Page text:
How To Make V-Flats For Studio Photography (On the cheap!)

Stock photography shoot by a photographer trying to earn extra money.
This is just a seamless background in this shot.  A v-flat is two pieces of plain colored background board connected at a 90 degree angle.

If you've been watching photographers like Scott Kelby, you see that he often uses V-flats, a tool for studio portrait and product photography.   A V-Flat is an easy to make lighting tool that every studio photographer should own. It is most commonly used as a light reflector, but can also be used as a backdrop. In its simplest form, it is two large foam panels that are “hinged” together by tape forming the letter V.

Usually, v-flats are extremely expensive (well over $150) for just the materials.  But in this tutorial I'll show you how to make one that works just as well for under $25.

Your first stop when making your own V-Flat should be a local art supply shop or craft store. Depending on where you buy your panels, they may be called foam core, mounting board, or gator board. While V-Flats are most often used in portrait and fashion photography, I have also seen them used in product photography.

If you do not find foam core large enough in an art supply store, another option is to purchase foam insulation board from a hardware store, which is inexpensive and comes in very large panels.  A large sheet of insulation board costs only $10.

The size of the foam core is dependent on your main use. When shooting your subject at full length or three quarters length, I would recommend a panel size of 4 X 8 feet. Any larger and the panels become much harder to manage. Any smaller and you won’t get enough reflected light on your subject. Now that you’ve got the size of your foam core, you need to decide on the thickness. I’ve found the ideal size to be anywhere from a half-inch to a full inch in thickness. Any thinner than a half-inch and the V-Flat may not be able to support itself and will fall over.

Depending on where you buy your foam panels, you may have a choice of different colors as well. The two most common colors are black and white. If you’re lucky, you may find foam that is white on one side, and black on the other. This is ideal if you are on a budget, as you can reverse the panels and have a black V-Flat and a white V-Flat all in one handy lighting tool.

The only other item needed for your V-Flat is tape. While duct tape can be used, I prefer a type of tape called gaffer or gaff tape. It is commonly used in television and film productions and while it may look like your common duct tape, it is very different. Unlike duct tape, gaffer tape is a more flexible and doesn’t leave behind a residue when removed. Another advantage of gaffer tape is it can usually be found in different colors. This isn’t as important when using your V-Flat as a reflector, but will come in handy if using it as a background.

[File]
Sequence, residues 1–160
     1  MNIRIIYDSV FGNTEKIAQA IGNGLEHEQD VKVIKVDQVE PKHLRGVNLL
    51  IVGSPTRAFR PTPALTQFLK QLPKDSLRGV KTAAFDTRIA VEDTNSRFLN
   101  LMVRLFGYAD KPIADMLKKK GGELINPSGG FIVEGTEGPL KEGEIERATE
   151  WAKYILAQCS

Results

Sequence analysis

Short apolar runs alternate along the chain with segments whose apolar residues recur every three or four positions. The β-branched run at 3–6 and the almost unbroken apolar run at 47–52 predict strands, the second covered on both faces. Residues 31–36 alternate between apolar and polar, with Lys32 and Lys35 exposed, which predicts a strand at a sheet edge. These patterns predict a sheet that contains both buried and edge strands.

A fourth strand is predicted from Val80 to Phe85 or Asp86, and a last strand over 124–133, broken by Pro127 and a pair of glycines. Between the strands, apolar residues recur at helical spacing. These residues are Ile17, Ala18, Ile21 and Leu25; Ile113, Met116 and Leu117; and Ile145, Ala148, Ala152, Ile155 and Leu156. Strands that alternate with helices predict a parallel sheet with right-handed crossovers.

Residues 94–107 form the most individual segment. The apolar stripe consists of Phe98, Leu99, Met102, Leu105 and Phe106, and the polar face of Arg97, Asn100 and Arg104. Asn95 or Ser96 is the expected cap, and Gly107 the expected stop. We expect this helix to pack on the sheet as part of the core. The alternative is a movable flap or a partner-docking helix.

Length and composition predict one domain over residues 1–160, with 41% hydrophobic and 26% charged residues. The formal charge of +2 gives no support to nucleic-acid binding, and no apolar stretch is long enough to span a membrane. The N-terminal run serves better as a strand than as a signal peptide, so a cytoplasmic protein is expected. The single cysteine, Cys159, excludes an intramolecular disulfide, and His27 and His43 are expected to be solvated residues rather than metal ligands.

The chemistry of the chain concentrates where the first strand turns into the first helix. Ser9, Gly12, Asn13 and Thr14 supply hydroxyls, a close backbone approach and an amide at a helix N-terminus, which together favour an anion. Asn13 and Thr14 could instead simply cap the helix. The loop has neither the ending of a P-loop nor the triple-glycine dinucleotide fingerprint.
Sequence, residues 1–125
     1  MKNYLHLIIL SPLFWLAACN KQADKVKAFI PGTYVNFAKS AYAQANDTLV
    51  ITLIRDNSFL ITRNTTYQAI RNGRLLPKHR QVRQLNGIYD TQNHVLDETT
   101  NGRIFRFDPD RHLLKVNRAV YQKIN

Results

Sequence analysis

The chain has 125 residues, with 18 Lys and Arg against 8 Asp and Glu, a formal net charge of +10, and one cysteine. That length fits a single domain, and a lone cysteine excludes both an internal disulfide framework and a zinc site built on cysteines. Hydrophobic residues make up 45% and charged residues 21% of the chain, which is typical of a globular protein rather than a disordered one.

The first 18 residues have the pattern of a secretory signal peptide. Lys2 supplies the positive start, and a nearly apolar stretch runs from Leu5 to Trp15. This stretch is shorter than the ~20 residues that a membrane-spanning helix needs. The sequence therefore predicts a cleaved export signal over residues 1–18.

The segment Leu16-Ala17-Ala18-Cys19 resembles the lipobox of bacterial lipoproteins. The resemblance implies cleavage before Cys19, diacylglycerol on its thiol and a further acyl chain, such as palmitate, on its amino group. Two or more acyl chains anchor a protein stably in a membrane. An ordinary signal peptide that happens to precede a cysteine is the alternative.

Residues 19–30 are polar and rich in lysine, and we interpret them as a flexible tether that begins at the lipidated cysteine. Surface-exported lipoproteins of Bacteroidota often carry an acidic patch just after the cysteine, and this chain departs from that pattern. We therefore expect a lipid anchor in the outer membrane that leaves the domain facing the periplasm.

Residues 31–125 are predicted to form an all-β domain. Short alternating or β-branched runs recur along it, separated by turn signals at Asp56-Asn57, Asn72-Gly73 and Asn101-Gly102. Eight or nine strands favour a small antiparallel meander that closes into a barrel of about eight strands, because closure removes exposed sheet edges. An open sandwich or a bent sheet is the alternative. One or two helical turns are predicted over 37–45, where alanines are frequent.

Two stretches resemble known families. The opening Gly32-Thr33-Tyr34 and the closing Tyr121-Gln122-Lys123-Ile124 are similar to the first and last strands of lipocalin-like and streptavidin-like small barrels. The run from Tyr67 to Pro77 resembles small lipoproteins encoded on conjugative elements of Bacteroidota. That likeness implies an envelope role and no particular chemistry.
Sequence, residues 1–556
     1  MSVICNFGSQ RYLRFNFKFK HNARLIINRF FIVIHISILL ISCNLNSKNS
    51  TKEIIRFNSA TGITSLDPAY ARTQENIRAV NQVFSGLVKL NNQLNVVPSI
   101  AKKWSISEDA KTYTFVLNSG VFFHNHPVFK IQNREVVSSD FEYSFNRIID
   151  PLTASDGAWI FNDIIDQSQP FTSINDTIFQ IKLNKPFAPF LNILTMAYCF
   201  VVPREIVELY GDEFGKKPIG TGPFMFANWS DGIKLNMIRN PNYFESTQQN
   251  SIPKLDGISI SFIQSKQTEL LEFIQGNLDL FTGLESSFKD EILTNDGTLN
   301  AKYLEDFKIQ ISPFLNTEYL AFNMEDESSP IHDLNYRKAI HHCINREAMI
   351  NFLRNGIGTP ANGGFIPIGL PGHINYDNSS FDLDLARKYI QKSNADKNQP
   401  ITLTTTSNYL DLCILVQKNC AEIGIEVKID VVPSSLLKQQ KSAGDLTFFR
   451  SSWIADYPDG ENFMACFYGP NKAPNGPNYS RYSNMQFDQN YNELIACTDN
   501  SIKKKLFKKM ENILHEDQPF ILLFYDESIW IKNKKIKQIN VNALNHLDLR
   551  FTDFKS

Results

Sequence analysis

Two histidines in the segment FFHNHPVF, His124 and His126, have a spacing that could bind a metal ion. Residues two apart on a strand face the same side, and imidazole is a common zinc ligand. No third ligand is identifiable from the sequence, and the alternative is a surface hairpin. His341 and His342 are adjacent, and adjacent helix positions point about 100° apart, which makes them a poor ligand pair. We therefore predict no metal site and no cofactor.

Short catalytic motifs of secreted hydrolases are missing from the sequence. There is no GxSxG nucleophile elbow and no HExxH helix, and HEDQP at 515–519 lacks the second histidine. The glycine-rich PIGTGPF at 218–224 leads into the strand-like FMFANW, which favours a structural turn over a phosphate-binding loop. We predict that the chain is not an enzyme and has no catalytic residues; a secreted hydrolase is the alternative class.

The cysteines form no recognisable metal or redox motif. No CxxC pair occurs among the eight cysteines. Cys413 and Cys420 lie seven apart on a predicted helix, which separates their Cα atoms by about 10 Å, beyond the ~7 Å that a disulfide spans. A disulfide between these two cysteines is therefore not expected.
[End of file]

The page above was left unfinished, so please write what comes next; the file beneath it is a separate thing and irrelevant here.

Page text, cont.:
Now that you’ve got all your materials, it’s time to assemble your V-Flat. The first step is to place your panels on top of each other and make sure all the corners are flush. If your panels are black on one side and white on the other side, make sure the same colors are facing each other. Now take your tape and run it along the longest length of your panel. It’s very important that you only use half the width of your tape on the top panel. Next, flip the panels over and adhere the other half width of the tape on the other side. The idea is to make a “hinge” with the tape so you can open the panels like a book. Once you’ve finished taping your first hinge, turn your panel inside out and repeat for the other side. This will cover the small strip of exposed tape in the middle of your hinge, and also make the panel stronger.

When done you should be able to stand up your V-Flat and open it like a book so it will stand on its own. When done correctly the panels will also fold flat for easy portability and storage. That’s all there is it to it! Not that you’ve built your first V-Flat, start experimenting and see what it can do for you.

7 thoughts on “How To Make V-Flats For Studio Photography (On the cheap!)”

  1. Can you clarify the taping instructions? When first applying the tape, if you use 1/2 its width on the first side, the other half of the tape is mostly used to cover the 2 edges and nothing is left once the panels are flipped over. Example, if I have 1 inch thick foam board, the thickness of the panels when put on top of each other is 2 inches … which is the typical width of duct or gaff tape. Should I be using 4 inch tape in this case?? (1″ on each face and 2″ to account for the thickness?

    1. Get the proper color tape for the color of the board, i.e., white tape for the white side and black tape for the black side. That way you won’t have to edit out the stripe.
      I buy twp boards white on one side and black on the other.

  2. Hi, Can you please list some sources for buying the foam boards? I checked at most local art, photo and hardware stores and they don’t have the large size and the thick boards. They all carry the thin 3/16 inches small boards for mounting photographs or craft work. If I buy online I have to buy in bulk which increases the cost a lot. It would be great if you could tell which stores or which type of stores will stock the thick foam boards. I am from New Jersey so if you know some stores on the east coast it would really help. Thank you.

  3. thanks for the info. Home Depot (none of the art supply stores in Miami carry think ones or large ones) has only white with the silver film on one side. Question: what do you recommend to use to convert one side to black (ex: specific black paint, spray or cut and glue on the sheet of black paper from 10×20 backdrop)?
    Many thanks!

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